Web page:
Floundering motor neurons rely on a support network for help, and they send out a distress call to astroglia in the form of angiogenin, report the authors of a paper in the April 11 Journal of Neuroscience. Angiogenin, a candidate gene for amyotrophic lateral sclerosis, might be a therapeutic for the disease based on these and other data, propose the authors in the laboratory of Jochen Prehn at the Royal College of Surgeons in Dublin, Ireland. The team describes how stressed motor neurons secrete angiogenin, which astrocytes endocytose. Angiogenin then cleaves astrocyte RNAs, although the precise nature of the genes targeted and the protective response remain to be determined.
Angiogenin mutations that disrupt the protein’s RNase action or cellular location have been associated with both familial and sporadic forms of ALS (see ARF related news story on Greenway et al., 2006) as well as Parkinson’s disease (see ARF related news story on van Es et al., 2011), but it remains unproven as an ALS gene, wrote John Hardy of the University College London, U.K., in an e-mail to ARF (see also Schymick et al., 2007). However, as Prehn noted in an e-mail, biological evidence suggests the protein does play a role in the disease. Angiogenin concentrations are abnormally reduced in the plasma and cerebrospinal fluid of people with ALS (McLaughlin et al., 2010), while it protects motor neurons from excitotoxic insults and serum starvation in vitro. Moreover, treating ALS model mice with angiogenin delays their death (Kieran et al., 2008; see ARF related news story on Li et al., 2011).
In the current work, joint first authors Alexandra Skorupa and Matthew King and colleagues figured out how angiogenin might protect neurons. In immunofluorescence experiments with mouse primary mixed motor neuron cultures, they observed that, while motor neurons possessed endogenous angiogenin, they did not internalize recombinant angiogenin added to the media. Conversely, astrocytes that did not make much angiogenin on their own did take it up, shunting it first into vesicles and then into the nucleus. Based on these data, the team hypothesized that motor neurons produce angiogenin and astroglia internalize it.
In further experiments, the researchers showed that conditioned medium from stressed NSC34 motor neuron-like cells contained angiogenin, and that purified astrocytes took it up. This confirmed the neuron-to-astrocyte signal. To examine the astrocyte-to-neuron response, the team treated mixed cultures with recombinant angiogenin for six hours, washed away the exogenous RNase, then collected the media 18 hours later and tested it on a different mixed culture. They found that the conditioned media protected neurons from toxicity caused by the glutamate agonist AMPA. The authors concluded that angiogenin-treated cultures produce something that protects motor neurons, but they did not investigate what confers that protection.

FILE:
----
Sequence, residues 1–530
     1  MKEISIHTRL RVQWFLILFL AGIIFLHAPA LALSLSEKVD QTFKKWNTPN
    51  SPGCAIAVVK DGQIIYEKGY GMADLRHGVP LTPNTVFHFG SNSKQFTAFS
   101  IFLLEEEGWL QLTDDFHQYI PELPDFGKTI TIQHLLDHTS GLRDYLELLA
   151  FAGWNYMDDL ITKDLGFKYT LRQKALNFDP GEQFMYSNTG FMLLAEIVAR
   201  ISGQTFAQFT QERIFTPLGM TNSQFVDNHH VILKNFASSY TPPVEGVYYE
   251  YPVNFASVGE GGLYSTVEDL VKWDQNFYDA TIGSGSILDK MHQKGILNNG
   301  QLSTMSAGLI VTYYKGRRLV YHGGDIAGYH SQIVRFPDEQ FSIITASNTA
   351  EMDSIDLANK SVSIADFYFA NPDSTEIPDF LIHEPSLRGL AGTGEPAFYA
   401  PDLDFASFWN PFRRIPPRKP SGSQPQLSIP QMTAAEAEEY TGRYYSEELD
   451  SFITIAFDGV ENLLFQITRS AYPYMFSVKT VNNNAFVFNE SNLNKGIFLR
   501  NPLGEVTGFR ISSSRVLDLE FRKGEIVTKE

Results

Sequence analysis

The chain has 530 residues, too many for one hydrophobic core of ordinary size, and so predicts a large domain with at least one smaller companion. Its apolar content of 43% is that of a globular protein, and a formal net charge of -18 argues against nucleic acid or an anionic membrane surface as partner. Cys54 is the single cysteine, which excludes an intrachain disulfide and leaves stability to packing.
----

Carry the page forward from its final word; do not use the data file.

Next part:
The researchers did pursue the mechanism of angiogenin uptake. They reasoned that there were two possible entryways: clathrin-mediated or lipid raft-mediated endocytosis. They found that only a clathrin pathway blocker affected angiogenin uptake. The researchers suspected the angiogenin receptor might be syndecan 4, which binds similar angiogenic, neuroprotective factors (Tkachenko et al., 2004). Finding that syndecan 4 and angiogenin colocalize in astrocytes supported their suspicion. That RNA interference for syndecan 4 blocked angiogenin uptake reinforced it.
What does angiogenin do once inside astrocytes? Since the protein cleaves RNAs, Prehn and colleagues examined astrocyte nucleic acids, finding that angiogenin fragmented them. However, the ALS-linked angiogenin mutation lysine-401-isoleucine failed to mediate the nuclease effect. “Angiogenin regulates astroglia function by targeting novel subsets of RNAs,” the researchers concluded in the paper, noting that “future studies will need to identify and characterize these novel angiogenin substrates.” The researchers are currently exploring the relevant RNAs, Prehn wrote in an e-mail to ARF. They are also partnering with a company to develop angiogenin as a therapy, he wrote.—Amber Dance
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